Sarah Fahey Courchesne

Year of Graduation: 
Exeter graduate Sarah Fahey Courchesne

"The fate of the body fascinated. I grew up to be a bone collector, a dissector."

Amid the relic bones

Last week, I brought a group of my community college students out to Shoals Marine Lab on Appledore Island in Maine. Most have never been anyplace like this. They don’t have the right shoes for the job. The days are long, and we lug heavy traps and gear buckets out onto the exposed, east-facing rocks.

We wait for wary birds and recite memorized poems to each other. I know “The Owl and the Pussycat” and Seamus Heaney’s “St. Kevin and the Blackbird.” My students get quiet, watching the ocean rush into a slot in the cliff. They feel sorry every time we flush an eider from her nest.

We study the breeding ecology of gulls, something we can only do during the short weeks when they are incubating and raising chicks, and some disturbance is inevitable. We banded an adult gull on our first day of work, and it did not return to its nest right away. A neighbor gull came and ate the eggs.

I overheard one of my students, Sury, talking to another scientist about the fate of that nest. “Oh, the parents will probably lay a second clutch of eggs, and those babies will have a chance,” the scientist told her. “But not these ones,” Sury said, eyes on the kicked up ground and shell fragments.

In the lab’s dining hall, there is the skeleton of a Minke whale suspended from the rafters. In the mornings, before the throngs arrive for breakfast, I sit beneath it and look through its rib cage to the cross-shaped sternum. In the quiet and dust-moted space, I am transported to the Catholic church of my childhood. I went to Mass every week until I went to Exeter. I was an altar server, offering the priest water to wash his hands, tending the candles. God had a human form, looming over us in the crucified Christ angled over the altar. Catholicism is corporeal, a forensic religion. The ladder rung ribs jutting through the skin, blood at the wrist and ankle, a slice in the chest letting a trickle of fluid escape the pericardial sac. We learned from a nun which bones in the arm were strong enough to support the weight of a man, and so where the nails would have been placed. I was transfixed. The resurrection and the life were sidelights to me. The fate of the body fascinated. I grew up to be a bone collector, a dissector.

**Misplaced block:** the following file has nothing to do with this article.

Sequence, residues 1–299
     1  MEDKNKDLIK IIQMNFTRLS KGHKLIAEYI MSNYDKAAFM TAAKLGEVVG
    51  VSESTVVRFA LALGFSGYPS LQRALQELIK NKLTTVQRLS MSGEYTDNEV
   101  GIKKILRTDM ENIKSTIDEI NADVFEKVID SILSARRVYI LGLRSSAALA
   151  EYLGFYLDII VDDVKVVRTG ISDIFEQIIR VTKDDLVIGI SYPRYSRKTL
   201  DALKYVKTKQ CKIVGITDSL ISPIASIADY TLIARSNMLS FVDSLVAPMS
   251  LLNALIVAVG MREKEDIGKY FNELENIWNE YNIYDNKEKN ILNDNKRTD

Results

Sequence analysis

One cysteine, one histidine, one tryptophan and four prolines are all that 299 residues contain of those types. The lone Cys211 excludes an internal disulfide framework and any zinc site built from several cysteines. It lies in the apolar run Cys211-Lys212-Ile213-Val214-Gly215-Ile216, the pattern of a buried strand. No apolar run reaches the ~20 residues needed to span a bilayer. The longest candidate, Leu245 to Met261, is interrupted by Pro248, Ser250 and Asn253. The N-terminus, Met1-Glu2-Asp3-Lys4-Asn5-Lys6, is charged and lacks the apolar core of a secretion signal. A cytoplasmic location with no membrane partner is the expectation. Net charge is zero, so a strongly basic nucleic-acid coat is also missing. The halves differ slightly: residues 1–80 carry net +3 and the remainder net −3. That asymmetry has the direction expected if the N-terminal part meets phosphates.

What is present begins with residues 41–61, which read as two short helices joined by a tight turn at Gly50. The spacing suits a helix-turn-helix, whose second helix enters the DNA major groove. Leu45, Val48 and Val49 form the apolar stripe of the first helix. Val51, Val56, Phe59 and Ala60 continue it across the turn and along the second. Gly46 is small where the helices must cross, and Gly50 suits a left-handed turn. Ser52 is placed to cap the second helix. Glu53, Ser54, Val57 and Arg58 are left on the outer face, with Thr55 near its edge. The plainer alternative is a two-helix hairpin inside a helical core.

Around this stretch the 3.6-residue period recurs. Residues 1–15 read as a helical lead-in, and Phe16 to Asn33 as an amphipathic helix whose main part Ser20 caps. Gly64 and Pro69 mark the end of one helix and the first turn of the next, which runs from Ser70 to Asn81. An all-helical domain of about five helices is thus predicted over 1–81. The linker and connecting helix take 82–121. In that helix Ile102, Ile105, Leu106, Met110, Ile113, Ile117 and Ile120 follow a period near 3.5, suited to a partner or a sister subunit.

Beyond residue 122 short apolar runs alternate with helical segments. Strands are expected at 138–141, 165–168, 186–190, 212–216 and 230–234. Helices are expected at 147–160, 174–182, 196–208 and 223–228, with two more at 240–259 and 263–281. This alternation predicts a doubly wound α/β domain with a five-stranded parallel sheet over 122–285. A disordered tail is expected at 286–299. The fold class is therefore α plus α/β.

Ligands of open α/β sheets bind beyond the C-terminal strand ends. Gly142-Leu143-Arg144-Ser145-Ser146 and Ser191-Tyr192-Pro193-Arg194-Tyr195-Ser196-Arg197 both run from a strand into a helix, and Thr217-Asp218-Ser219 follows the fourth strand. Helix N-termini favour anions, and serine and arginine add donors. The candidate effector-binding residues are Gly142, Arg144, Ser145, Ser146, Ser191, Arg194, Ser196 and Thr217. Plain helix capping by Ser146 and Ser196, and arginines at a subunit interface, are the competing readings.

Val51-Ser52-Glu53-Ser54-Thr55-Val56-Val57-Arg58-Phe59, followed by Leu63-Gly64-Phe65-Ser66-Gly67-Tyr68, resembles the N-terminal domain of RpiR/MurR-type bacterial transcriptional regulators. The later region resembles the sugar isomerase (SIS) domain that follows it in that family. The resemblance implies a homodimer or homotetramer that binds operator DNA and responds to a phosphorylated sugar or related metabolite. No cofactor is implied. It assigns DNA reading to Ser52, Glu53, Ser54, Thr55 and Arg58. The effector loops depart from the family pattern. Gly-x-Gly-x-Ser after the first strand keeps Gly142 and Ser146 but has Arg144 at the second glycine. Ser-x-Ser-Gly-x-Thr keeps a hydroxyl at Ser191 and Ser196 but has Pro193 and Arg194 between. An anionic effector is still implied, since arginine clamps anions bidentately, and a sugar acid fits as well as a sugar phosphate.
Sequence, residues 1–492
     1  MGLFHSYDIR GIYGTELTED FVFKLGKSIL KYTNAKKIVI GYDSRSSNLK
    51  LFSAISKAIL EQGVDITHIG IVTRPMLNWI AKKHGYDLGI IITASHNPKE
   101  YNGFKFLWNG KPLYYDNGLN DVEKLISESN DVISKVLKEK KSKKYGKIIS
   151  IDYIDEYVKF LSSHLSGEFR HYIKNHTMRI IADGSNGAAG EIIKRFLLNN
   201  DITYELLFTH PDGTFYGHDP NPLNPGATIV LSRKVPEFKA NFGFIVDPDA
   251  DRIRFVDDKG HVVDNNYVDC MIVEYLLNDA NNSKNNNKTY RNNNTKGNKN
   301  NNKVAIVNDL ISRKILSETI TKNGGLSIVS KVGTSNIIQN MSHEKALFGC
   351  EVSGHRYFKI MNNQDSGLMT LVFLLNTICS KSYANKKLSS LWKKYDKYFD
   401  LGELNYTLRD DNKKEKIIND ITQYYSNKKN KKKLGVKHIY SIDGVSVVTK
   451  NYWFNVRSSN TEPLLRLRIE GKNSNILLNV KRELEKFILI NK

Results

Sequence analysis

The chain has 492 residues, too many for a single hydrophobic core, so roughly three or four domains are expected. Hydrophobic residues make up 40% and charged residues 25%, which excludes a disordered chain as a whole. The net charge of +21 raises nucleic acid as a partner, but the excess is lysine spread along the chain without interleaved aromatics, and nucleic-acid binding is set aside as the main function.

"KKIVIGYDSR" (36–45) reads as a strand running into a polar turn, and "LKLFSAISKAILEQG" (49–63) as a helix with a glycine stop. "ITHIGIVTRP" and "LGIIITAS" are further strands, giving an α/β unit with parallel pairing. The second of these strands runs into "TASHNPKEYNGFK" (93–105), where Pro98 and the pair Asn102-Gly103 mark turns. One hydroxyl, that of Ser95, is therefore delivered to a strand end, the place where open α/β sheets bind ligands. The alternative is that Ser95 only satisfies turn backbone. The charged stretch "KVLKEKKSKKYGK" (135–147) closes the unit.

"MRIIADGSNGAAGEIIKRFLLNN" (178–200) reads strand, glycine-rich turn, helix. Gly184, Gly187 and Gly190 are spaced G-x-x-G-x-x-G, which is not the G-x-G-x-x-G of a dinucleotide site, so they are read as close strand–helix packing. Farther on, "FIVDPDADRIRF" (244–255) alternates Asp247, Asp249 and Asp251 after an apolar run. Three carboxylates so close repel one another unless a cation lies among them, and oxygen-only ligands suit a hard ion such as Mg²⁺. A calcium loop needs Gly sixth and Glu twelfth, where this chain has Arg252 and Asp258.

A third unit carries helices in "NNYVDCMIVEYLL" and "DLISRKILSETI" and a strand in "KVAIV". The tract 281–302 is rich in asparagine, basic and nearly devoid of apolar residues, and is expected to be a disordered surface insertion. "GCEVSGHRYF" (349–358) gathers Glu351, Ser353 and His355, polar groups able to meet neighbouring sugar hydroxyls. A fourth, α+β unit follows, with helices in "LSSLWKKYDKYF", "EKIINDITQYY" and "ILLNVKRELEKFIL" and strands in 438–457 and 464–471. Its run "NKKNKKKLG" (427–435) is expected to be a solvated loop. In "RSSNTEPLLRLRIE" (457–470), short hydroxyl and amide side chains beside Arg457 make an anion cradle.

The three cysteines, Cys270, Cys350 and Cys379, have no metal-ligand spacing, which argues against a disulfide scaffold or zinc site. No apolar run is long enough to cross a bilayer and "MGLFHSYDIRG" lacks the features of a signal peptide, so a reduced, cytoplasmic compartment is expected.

The Minke whale was not an individual known to science. There is a laminated sheet on the wall explaining how it washed up dead, the processing of its bones, how they were trucked to a farm, buried, dug up and cleaned. We know vastly more about this animal’s body dead than we knew about it living, before it was suspended high in this foreign element. It may never have been seen by human eyes at all.

Under its raftered ribs, one of my students looks out the window and spots a bird banded with code U05. “That’s Sebastian,” she says. “We shared a moment together. He wanted my lunch.” I can’t stop them from giving the birds names.

Every year, it’s the same thing. Assemble a team of new students, travel to the island, catch birds. Thousands of them over the years. Reteach the trapping, reanswer the questions. In the afternoons, the long hours get threadbare under the weight of the monotonous work and are restitched by my students’ jokes, and yelps of fear, and grinning pride, releasing a bird with their own hands.

The gulls sit stoic in all weather on their nests on the ground. As with many other wild things, most of their young will not survive the year. They incubate their eggs in a boneyard of last year’s dead.

The students and I circle the island, and the line from Heaney comes looping back, “To labor and not to seek reward.” Grime builds up on our skin until we can scrape it off in curls with a fingernail. There is feces in my ear.

Walking single file, trailing the group with a rebar trap digging into my shoulder, my cadence is a zen chant, “chop wood, carry water,” and I think I glimpse enlightenment, but it was only out of the corner of my eye, and maybe it was just a bird.

Editor's note: This profile first appeared in the summer 2017 issue of The Exeter Bulletin.